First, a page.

PainSci summary of Gonçalves 2017?This page is one of thousands in the PainScience.com bibliography. It is not a general article: it is focused on a single scientific paper, and it may provide only just enough context for the summary to make sense. Links to other papers and more general information are provided at the bottom of the page, as often as possible. ★★★★☆?4-star ratings are for bigger/better studies and reviews published in more prestigious journals, with only quibbles. Ratings are a highly subjective opinion, and subject to revision at any time. If you think this paper has been incorrectly rated, please let me know.
This trial demonstrated that caffeine supplementation boosts athletic performance even if you are used to its effects. Forty endurance cyclists were divided into groups of low, moderate, and highly daily caffeine intake. They all did three cycling tests after drinking caffeine, a placebo, or nothing at all. Performance on caffeine was clearly best across the board for all participants, regardless of typical caffeine intake.
original abstract†Abstracts here may not perfectly match originals, for a variety of technical and practical reasons. Some abstacts are truncated for my purposes here, if they are particularly long-winded and unhelpful. I occasionally add clarifying notes. And I make some minor corrections.
OBJECTIVE: To investigate the influence of habitual caffeine intake on exercise performance to acute caffeine supplementation.
METHODS: A double-blind, crossover, counterbalanced study was performed. Forty endurance-trained cyclists were allocated into tertiles according to their daily caffeine intake: low (58 ± 29 mg(.)d(-1)), moderate (143 ± 25 mg(.)d(-1)), and high consumers (351 ± 139 mg(.)d(-1)). Participants completed three trials in which they performed simulated cycling time-trials in the fastest time possible following ingestion of: caffeine (CAF: 6 mg(.)kg(-1) BM), placebo (PLA), and no supplement (CON).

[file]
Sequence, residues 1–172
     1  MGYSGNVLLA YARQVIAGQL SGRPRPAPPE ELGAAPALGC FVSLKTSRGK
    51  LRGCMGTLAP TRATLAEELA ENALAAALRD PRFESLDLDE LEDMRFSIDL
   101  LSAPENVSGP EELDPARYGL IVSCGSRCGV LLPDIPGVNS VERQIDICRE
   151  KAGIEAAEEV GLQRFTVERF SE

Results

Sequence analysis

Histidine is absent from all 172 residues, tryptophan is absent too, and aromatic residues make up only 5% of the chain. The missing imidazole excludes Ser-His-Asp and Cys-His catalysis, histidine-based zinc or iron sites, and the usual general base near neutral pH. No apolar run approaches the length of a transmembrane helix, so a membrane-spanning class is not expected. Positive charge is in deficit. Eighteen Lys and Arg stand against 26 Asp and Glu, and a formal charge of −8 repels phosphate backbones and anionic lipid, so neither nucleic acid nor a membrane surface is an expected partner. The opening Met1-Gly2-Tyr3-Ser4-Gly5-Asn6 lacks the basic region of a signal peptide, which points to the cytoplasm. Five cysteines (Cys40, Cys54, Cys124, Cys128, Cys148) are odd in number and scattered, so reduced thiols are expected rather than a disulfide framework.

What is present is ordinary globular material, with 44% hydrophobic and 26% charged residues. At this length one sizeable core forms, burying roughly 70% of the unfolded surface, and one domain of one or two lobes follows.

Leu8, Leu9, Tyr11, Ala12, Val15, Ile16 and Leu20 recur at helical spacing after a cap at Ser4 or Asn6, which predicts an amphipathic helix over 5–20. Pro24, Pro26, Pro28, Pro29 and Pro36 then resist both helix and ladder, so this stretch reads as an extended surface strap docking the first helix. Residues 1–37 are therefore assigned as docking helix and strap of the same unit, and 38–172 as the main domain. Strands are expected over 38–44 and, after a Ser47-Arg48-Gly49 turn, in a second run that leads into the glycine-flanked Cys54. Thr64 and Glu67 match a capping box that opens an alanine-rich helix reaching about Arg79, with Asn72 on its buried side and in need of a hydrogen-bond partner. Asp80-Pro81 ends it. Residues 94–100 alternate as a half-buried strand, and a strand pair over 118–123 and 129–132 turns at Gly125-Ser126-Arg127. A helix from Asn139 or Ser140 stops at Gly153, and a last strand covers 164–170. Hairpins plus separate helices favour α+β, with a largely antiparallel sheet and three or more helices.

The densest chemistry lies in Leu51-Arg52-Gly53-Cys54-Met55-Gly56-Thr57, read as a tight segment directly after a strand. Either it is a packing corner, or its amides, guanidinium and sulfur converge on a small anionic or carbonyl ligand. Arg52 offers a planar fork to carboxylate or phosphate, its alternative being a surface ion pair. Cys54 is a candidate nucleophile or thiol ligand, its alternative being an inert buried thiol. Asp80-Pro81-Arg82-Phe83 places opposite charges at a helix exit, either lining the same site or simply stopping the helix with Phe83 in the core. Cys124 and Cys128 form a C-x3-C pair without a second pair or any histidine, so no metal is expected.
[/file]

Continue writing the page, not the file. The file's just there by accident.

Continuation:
RESULTS: Mixed-model analysis revealed time-trial performance was significantly improved in CAF compared to PLA and CON (29.92±2.18 min vs 30.81±2.67 and 31.14±2.71 min; P = <0.0002). ANCOVA revealed no influence of habitual caffeine intake as a covariate on exercise performance (P=0.47). Time-trial performance was not significantly different between tertiles (P=0.75). No correlation was observed between habitual caffeine intake and absolute changes (CAF - CON) in time-trial performance with caffeine (P=0.524). Individual analysis showed that eight, seven and five individuals improved above the variation of the test in CAF in the low, moderate and high tertiles. A Fisher's Exact Test did not show any significant differences in the number of individuals who improved in CAF between the tertiles (P>0.05). Blood lactate and ratings of perceived exertion were not different between trials and tertiles (P>0.05).
CONCLUSION: Performance effects of acute caffeine supplementation during a ~30 min cycling TT performance were not influenced by the level of habitual caffeine consumption.
These two articles on PainScience.com cite Gonçalves 2017 as a source:
- PS Anxiety & Chronic Pain — A self-help guide for people who worry and hurt
- PS Can Supplements Help Arthritis and Other Aches and Pains? — Debunkery and analysis of supplements and food-like medicines (nutraceuticals), especially glucosamine, chondroitin, and creatine, mostly as they relate to pain
This page is part of the PainScience BIBLIOGRAPHY, which contains plain language summaries of thousands of scientific papers & others sources. It’s like a highly specialized blog. A few highlights:
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